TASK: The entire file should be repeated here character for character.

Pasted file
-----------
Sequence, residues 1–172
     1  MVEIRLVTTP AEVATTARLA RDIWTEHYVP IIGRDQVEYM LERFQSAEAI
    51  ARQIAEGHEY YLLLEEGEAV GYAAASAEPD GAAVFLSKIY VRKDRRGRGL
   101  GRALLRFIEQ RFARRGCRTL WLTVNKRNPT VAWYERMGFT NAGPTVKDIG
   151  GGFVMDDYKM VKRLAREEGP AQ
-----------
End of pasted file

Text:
Sequence, residues 1–172
     1  MVEIRLVTTP AEVATTARLA RDIWTEHYVP IIGRDQVEYM LERFQSAEAI
    51  ARQIAEGHEY YLLLEEGEAV GYAAASAEPD GAAVFLSKIY VRKDRRGRGL
   101  GRALLRFIEQ RFARRGCRTL WLTVNKRNPT VAWYERMGFT NAGPTVKDIG
   151  GGFVMDDYKM VKRLAREEGP AQ